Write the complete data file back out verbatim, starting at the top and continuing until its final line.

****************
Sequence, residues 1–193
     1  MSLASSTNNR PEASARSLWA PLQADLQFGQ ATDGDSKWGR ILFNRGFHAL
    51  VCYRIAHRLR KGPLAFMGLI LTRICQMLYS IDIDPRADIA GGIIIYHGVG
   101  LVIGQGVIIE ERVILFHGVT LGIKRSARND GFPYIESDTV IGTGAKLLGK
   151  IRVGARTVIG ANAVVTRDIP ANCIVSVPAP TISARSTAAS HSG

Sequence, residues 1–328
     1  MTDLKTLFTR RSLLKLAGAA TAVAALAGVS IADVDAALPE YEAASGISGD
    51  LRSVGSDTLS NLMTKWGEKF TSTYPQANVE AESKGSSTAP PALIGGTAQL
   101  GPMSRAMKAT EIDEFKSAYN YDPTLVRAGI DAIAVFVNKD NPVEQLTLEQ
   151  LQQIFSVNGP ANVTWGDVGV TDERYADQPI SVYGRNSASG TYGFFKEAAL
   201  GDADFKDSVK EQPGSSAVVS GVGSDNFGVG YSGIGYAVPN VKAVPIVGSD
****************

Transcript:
Sequence, residues 1–193
     1  MSLASSTNNR PEASARSLWA PLQADLQFGQ ATDGDSKWGR ILFNRGFHAL
    51  VCYRIAHRLR KGPLAFMGLI LTRICQMLYS IDIDPRADIA GGIIIYHGVG
   101  LVIGQGVIIE ERVILFHGVT LGIKRSARND GFPYIESDTV IGTGAKLLGK
   151  IRVGARTVIG ANAVVTRDIP ANCIVSVPAP TISARSTAAS HSG

Sequence, residues 1–328
     1  MTDLKTLFTR RSLLKLAGAA TAVAALAGVS IADVDAALPE YEAASGISGD
    51  LRSVGSDTLS NLMTKWGEKF TSTYPQANVE AESKGSSTAP PALIGGTAQL
   101  GPMSRAMKAT EIDEFKSAYN YDPTLVRAGI DAIAVFVNKD NPVEQLTLEQ
   151  LQQIFSVNGP ANVTWGDVGV TDERYADQPI SVYGRNSASG TYGFFKEAAL
   201  GDADFKDSVK EQPGSSAVVS GVGSDNFGVG YSGIGYAVPN VKAVPIVGSD